For Kitty Van Bortel, the owner of Van Bortel Subaru and Van Bortel Ford in Victor, New York, last year was a tad disappointing. After three years of taking the prize as the top-selling franchise of Subaru of America Inc, Van Bortel came in second.
Even so, sales at her Subaru dealership held steady at about US$43 million, and she lost the top spot by a mere 17 cars.
PHOTO: NY TIMES
Not bad, especially considering how difficult it has been for women to break into the retail car business. The National Automobile Dealers Association has never officially called its training academy "the Dealer Sons' School," but that's how women of a certain age remember it.
Although women now buy 50 percent of all cars and are on a path to buying even more, the number of women selling cars has risen only slightly.
Dealership owners, like Van Bortel, are even scarcer.
Women hold about 7 percent of all jobs in dealerships, up from 3.5 percent in 1990, according to CNW Marketing Research. But while women account for 60 percent of the office staff, they fill only 7.1 percent of the general manager roles and 4.9 percent of the ownership positions, numbers that haven't changed much in the last decade.
Acknowledging the importance of women in the marketplace, automakers have long been rethinking how they design vehicles.
Many cars displayed this week at the North American International Auto Show in Detroit, for example, are marketed to appeal to women.
Of General Motors' 7,400 dealerships, 226, or 3 percent, are owned by women. At Ford Motor, women own 278, or 5 percent, of the 5,165 dealerships. It's much the same for other automakers.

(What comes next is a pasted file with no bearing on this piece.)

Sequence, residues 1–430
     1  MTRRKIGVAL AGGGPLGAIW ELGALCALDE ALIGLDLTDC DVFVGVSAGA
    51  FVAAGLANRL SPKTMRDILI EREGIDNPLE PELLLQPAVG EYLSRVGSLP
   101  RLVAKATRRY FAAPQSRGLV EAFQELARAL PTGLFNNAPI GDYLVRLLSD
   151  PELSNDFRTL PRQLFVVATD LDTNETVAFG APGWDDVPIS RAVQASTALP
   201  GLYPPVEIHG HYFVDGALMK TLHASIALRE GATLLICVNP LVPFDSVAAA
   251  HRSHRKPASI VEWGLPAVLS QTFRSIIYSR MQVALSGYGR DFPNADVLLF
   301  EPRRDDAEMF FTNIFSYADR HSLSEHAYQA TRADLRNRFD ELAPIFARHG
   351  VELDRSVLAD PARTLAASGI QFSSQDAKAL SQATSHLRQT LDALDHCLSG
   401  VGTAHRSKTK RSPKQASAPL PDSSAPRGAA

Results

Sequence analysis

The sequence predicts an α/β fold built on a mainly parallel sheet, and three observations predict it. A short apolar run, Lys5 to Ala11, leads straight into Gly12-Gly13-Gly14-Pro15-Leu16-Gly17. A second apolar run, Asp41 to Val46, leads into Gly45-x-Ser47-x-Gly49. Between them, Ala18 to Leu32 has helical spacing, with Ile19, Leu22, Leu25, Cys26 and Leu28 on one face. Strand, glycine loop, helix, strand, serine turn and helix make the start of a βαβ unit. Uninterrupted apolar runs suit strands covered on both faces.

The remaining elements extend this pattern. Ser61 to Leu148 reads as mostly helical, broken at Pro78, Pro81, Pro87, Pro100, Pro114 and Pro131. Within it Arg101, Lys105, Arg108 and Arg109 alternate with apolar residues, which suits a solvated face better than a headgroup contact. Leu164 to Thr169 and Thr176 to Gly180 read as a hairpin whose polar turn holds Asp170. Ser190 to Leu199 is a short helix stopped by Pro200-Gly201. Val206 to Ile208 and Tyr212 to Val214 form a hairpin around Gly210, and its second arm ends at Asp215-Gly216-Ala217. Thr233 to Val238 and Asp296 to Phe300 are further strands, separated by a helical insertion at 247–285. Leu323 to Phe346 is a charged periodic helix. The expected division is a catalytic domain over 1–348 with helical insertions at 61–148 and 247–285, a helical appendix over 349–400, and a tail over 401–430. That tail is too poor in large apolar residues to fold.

The retail car business, like many others, has long been a father-son story. Sons took over dealerships as their fathers retired or died, and showrooms and service bays looked much the same for a century, with few women or members of minorities.
Then, if sometimes only by circumstance, a few women started inheriting dealerships from their fathers or, increasingly, from their husbands, and it appeared that time was finally marching on.
The major automakers have offered programs in recent years to recruit minority dealers, and they have now extended those efforts to women as well.
In January 2001, GM became the first automaker to create a dealer development program for women. Some other companies, like Toyota Motor Sales USA Inc -- which counts 33, or 2 percent, of its 1,406 dealerships as owned by women -- offer only financial assistance, and only to candidates with extensive experience in the car business.
GM and Ford, meanwhile, make loans and pay for intensive training and internships through the dealer association's academy.
Women who own dealerships tend to do well, and several manufacturers report that franchises owned by women are at or near the top in overall sales volume.
"The reason women become so successful is we're interested in treating women right when they come in," said Van Bortel, 48. "I don't mean to sound stereotypical, but women have so much more empathy for customers."
She has research on her side. CNW says 39 percent of women would rather deal with women in the car showroom, compared with 10 percent of men who prefer to buy cars from other men.
On the flip side, 13 percent of women prefer to deal with men, and 11 percent of men want to deal with women. The rest are indifferent about the sales representative's sex.
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